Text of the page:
Markets Insights

Wall St rally expected to lift regional shares

A trader working ahead of the closing bell on the floor of the New York Stock Exchange last month. Even though the US earnings season has kicked into gear, traders will also be listening in on developments from the US and Japan trade talks today and
A trader working ahead of the closing bell on the floor of the New York Stock Exchange last month. Even though the US earnings season has kicked into gear, traders will also be listening in on developments from the US and Japan trade talks today and tomorrow.PHOTO: AGENCE FRANCE-PRESSE
Wall Street ended slightly lower on Monday, dragged down by financials. As Fred Katayama reports, underwhelming earnings from Goldman Sachs and Citigroup curbed investor enthusiasm.

Local construction shares could see interest after sector's positive GDP advance estimates

After a week of range-bound trading, the benchmark Straits Times Index is likely to start the trading week (a shorter week because of Good Friday) on higher ground - taking cues from last Friday's Wall Street rally.

The Dow Jones Industrial Average closed 1 per cent up at 26,412.30 last Friday. The broad-based S&P 500 advanced 0.7 per cent to 2,907.41, its first close above 2,900 in more than six months, while the tech-heavy Nasdaq Composite Index climbed 0.5 per cent to 7,984.16.

On the performance of the New York Stock Exchange, SPI Asset Management head of trading and market strategy Stephen Innes said that it was such an encouraging performance in the US equity market that it is hard for investors not to be enthusiastic.

"Spring has sprung, 'green shoots' abound and dovish central bank bias is buttressing investor sentiment," he remarked.

Even though the US earnings season has kicked into gear, investors will also be listening in on developments from the US and Japan trade talks today and tomorrow.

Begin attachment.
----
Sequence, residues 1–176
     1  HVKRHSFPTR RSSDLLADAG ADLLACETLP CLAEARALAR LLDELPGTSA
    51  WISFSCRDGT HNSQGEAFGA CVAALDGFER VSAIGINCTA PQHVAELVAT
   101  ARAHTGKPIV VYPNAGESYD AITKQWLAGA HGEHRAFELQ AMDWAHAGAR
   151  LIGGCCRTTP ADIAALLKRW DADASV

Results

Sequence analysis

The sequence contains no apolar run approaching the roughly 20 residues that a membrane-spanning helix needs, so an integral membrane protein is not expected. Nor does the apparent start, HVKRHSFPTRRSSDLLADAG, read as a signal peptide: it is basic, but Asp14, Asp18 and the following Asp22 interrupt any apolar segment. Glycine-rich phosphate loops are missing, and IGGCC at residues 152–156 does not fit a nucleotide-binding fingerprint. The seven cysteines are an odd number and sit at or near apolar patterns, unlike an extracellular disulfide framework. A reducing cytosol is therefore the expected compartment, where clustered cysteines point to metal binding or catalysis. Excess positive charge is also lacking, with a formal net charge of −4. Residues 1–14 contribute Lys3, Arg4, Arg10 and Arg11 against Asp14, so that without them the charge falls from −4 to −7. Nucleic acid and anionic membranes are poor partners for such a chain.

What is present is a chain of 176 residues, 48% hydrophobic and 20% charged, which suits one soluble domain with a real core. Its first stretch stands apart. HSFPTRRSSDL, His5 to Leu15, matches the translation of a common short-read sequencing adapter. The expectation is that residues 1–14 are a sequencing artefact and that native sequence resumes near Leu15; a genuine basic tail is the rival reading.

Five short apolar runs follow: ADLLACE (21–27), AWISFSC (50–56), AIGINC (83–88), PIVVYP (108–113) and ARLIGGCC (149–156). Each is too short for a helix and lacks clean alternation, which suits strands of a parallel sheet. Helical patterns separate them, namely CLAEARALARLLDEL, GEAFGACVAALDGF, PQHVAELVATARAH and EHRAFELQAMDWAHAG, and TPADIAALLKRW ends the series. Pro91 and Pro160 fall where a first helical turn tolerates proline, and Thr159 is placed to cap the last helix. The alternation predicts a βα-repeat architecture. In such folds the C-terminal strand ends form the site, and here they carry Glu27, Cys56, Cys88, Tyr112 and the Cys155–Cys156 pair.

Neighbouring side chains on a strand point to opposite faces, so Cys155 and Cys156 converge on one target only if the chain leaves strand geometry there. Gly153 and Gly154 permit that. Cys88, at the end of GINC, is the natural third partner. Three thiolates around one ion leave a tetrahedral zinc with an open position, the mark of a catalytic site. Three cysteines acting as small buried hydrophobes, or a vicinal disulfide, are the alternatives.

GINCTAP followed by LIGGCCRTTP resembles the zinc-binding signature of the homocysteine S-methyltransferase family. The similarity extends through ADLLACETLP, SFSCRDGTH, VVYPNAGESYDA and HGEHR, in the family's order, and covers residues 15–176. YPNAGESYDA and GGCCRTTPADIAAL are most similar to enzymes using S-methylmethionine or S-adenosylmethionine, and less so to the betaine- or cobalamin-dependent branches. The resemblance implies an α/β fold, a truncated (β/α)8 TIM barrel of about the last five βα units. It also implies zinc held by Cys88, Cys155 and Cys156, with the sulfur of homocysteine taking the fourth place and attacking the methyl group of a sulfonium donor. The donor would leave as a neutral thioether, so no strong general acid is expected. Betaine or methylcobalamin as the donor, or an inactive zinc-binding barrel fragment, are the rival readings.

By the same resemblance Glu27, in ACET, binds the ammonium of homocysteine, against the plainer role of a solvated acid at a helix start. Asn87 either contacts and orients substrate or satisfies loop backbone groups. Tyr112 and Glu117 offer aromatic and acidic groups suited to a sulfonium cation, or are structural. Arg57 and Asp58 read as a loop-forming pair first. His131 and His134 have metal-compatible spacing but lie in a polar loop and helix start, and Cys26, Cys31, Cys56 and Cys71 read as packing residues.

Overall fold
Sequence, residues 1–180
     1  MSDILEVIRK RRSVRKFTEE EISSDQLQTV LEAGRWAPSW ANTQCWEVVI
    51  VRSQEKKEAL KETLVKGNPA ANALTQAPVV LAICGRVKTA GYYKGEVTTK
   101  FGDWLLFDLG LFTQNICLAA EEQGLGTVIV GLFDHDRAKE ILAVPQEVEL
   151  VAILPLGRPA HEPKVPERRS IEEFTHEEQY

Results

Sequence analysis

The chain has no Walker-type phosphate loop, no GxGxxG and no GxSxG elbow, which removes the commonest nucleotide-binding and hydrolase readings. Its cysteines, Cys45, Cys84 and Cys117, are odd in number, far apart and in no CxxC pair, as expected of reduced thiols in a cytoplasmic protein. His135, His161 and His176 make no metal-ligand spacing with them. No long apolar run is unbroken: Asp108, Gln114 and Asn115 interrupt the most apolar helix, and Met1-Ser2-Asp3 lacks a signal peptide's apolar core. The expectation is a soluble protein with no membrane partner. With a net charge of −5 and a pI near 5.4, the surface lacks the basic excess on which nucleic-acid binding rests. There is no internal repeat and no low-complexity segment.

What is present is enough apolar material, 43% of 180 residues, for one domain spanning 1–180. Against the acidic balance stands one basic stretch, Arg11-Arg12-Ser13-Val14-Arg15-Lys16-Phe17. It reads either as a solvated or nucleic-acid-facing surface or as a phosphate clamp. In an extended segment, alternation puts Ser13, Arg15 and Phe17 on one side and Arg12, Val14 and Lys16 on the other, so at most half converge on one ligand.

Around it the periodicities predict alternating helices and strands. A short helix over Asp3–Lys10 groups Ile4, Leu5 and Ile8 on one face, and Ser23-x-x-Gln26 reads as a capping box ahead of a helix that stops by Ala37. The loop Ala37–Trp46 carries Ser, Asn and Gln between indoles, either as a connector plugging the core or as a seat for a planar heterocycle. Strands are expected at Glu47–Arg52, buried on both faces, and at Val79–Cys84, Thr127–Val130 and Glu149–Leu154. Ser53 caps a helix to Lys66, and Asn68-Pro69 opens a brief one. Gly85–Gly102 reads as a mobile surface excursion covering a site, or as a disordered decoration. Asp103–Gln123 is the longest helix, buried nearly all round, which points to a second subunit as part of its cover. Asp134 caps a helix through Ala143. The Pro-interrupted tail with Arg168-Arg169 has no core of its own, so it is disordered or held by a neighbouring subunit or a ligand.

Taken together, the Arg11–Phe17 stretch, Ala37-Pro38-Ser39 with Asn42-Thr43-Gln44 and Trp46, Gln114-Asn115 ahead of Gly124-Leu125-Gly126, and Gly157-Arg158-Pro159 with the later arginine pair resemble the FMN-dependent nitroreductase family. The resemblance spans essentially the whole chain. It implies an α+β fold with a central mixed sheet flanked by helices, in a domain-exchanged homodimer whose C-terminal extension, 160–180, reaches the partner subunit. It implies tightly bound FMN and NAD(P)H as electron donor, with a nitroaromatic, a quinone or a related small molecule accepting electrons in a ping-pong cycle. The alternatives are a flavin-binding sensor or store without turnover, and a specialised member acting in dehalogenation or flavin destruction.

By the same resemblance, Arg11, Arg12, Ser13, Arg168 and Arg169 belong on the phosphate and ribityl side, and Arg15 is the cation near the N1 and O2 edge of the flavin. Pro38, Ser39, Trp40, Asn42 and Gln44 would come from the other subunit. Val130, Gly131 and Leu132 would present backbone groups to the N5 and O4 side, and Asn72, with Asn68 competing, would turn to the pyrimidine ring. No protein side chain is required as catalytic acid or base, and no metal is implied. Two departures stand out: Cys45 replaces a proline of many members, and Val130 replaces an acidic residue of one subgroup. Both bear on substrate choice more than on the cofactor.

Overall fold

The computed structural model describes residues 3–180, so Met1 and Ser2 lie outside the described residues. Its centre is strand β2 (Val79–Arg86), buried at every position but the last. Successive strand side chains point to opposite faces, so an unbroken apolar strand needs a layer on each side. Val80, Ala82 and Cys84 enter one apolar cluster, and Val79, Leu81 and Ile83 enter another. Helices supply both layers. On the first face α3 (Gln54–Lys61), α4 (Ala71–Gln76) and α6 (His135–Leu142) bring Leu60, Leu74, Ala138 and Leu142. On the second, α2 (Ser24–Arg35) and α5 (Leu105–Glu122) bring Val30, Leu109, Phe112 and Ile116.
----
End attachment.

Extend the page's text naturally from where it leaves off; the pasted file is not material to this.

Buoyed by the rally in the US market, Mr Innes expects trading in Singapore and the rest of Asia to open today with a "very positive vibe".

With companies in Singapore also due to report their first quarter performance in the coming weeks, Mr Marcus Toh, principal trading representative at Phillip Securities, said investors are likely to shift to profit-taking mode as many companies have rallied this year.

There could also be growing interest in construction counters after last Friday's first-quarter GDP advance estimates showed the sector expanded 1.4 per cent, following 10 consecutive quarters of decline, said a remisier.

Singapore Exchange market strategist Geoff Howie explained that the construction sector's performance was "somewhat in pace with the five biggest Singapore-focused construction stocks".

"Chip Eng Seng, KSH Holdings, Boustead Projects, Lian Beng Group and Wee Hur Holdings have averaged 14 per cent total returns in the 2019 year thus far," he noted.

While not loaded, the local economic docket has a key release on Wednesday with March non-oil domestic export data due. A Bloomberg poll suggests exports will fall 5 per cent month on month and 1.9 per cent year on year after a strong showing in February.

Among economies in Asia, a slew of key data releases will be out in China. Among them are the industrial production data for March and also first-quarter GDP figures.

Of the Chinese data releases, FXTM research analyst Lukman Otunuga said: "While last month's PMI data showed signs that the world's second-largest economy is stabilising, more data points adding to that narrative could soothe concerns over the Chinese economy and potentially boost risk-on sentiment as well."

The Bank of Korea has a monetary policy decision to make, with a Bloomberg poll of economists showing the policy rate is likely to stay unchanged at 1.75 per cent.

In South-east Asia, much focus will be on the general and presidential elections in Indonesia, which take place on Wednesday.

A version of this article appeared in the print edition of The Straits Times on April 15, 2019, with the headline 'Wall St rally expected to lift regional shares'. Print Edition | Subscribe